In 2009, Egypt signed a deal with Australia's WorleyParsons for a nuclear power consultancy.

On Sunday, Orascom Construction Industries, Egypt's biggest listed builder, said it had formed a joint venture with state-owned Arab Contractors to bid on nuclear projects in the Middle East, including Egypt's first nuclear power plant.

That plant will be located in Dabaa on the country's Mediterranean coast.

Asked about possible political tension that could arise from Egypt using nuclear power, Younes said there was no intention of enriching uranium domestically and the energy will be used for peaceful purposes.

"This is a peaceful nuclear programme, so there are no problems," he added.

Last year, the United Nations slapped a fourth round of sanctions on Iran for refusing to halt uranium enrichment, which with further refinement can yield materials for weapons.

Western powers fear Iran is using its nuclear programme to develop weapons, while Tehran says it needs power generation to meet rapidly rising demand.

Egypt has installed capacity of about 23,500 MW, but strained to meet demand during an unusually hot summer, leading to intermittent power cuts across the grid. It has said it aims for an additional 58,000 MW of capacity to the grid by 2027.

"The growth rate for power demand in the peak hours was up 11.2 percent from previous summer, but this summer I don't expect there will be any outages because we increased our power generation by 6 percent which is 1500 mega watts," said Younes.""

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2009-08-26: Egypt receives nuclear safety consultancy bids

"Egypt is considering six bids from international firms to provide support and advice on setting up the country's nuclear safety regulatory framework.

Hassan Younis, minister of energy and electricity, said that bids were received from undisclosed Canadian, French, German, South Korean, UK and US and companies. The six were shortlisted from a total of 17 gathered after a request put out in April last year.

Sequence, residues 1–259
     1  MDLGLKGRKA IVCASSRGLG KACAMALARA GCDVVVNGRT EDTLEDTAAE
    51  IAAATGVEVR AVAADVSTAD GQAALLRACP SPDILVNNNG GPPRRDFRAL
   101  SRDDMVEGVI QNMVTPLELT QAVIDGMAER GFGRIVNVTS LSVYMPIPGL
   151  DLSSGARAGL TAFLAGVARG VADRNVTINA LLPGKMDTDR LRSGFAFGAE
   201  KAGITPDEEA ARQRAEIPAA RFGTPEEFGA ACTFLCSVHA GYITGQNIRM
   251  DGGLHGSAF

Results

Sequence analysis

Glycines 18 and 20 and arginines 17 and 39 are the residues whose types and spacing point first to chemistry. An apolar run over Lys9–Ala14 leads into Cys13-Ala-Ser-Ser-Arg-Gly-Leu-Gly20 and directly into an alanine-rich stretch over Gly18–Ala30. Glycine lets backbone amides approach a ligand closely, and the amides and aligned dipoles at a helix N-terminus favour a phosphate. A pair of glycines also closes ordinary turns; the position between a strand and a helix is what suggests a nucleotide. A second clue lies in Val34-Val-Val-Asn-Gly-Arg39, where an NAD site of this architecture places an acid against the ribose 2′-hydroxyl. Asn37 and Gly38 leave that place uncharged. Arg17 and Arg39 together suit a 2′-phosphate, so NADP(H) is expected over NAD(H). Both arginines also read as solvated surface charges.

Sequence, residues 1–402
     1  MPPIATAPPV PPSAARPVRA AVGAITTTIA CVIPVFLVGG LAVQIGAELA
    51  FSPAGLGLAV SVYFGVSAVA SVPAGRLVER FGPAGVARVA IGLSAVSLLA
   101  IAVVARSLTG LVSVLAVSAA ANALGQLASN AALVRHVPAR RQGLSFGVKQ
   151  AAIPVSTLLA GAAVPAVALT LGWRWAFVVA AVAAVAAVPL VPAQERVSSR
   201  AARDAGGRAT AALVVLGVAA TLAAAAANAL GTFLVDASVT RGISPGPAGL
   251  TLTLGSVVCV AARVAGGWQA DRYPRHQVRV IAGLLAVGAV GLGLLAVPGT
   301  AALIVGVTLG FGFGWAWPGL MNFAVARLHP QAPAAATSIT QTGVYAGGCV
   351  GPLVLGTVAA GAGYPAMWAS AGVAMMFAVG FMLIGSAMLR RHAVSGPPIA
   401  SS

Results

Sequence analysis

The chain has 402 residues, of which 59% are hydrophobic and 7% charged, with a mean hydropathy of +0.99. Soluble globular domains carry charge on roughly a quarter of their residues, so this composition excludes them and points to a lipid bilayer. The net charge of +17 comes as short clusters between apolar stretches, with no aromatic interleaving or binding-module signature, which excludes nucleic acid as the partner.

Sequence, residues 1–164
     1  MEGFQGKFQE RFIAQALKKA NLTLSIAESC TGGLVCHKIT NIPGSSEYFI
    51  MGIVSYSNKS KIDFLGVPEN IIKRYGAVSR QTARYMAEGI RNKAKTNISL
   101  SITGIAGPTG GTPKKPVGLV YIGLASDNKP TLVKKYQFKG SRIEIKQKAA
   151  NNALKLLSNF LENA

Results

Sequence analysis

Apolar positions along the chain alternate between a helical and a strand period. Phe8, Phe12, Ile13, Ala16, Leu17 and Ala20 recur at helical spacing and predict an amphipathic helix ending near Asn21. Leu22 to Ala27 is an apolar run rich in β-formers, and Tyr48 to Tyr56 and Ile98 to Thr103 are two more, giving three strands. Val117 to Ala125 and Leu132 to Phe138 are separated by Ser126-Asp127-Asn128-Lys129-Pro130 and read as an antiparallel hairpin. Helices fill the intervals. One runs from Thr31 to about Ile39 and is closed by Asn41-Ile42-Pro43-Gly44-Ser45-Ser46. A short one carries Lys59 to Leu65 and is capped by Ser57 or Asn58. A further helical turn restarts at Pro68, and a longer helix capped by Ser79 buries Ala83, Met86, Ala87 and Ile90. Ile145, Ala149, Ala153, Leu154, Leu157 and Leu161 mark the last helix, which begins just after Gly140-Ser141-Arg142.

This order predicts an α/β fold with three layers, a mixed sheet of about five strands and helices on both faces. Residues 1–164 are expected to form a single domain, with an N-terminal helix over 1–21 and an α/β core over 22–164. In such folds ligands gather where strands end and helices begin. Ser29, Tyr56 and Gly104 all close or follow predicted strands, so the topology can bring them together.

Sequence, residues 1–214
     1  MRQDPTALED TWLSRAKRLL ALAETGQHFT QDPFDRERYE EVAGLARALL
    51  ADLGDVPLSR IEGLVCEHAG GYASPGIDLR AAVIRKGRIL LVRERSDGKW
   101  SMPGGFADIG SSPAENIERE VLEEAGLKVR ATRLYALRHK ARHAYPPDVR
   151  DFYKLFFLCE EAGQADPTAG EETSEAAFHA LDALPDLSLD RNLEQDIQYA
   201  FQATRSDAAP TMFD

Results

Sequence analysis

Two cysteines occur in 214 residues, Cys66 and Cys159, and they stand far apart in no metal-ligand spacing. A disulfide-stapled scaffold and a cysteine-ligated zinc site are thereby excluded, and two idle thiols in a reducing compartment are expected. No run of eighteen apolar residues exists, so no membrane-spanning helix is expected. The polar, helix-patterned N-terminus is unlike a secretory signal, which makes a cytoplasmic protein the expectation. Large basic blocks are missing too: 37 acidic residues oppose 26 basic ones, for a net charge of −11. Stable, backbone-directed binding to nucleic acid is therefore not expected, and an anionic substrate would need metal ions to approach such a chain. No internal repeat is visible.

The selected consultant will be responsible for training workers in nuclear safety issues, including the use of safety codes used in the assessment and monitoring of nuclear power plants. The training will also cover the preparation and implementation of quality management systems and the preparation of regulations. The move is intended to enable a nuclear regulatory body, up to international standards, to be created in Egypt prior to the construction of the country's first nuclear power plant.

In December 2008, the Energy and Electricity Ministry announced that it had decided to award a $180 million contract to Bechtel to choose the reactor technology, select the site for the plant, organise training and provide technical services over some ten years. However, the government later transferred this contract to Australia-based engineering consultants Worley Parsons.

Worley Parsons then announced in June a contract with the Egyptian Nuclear Power Plant Authority (NPPA) for a proposed 1200 MWe plant. The initial phase of the contract will involve site and technology selection studies followed by work relating to the plant's design, construction management, commissioning and start-up. The contract was expected to be worth some $160 million over eight years.

Last week, Younis told a meeting of the industry and energy committee of the Shura Council (the upper house of the Egyptian parliament) that Worley Parsons was progressing with site selection studies, although El-Dabaa remained the preferred site."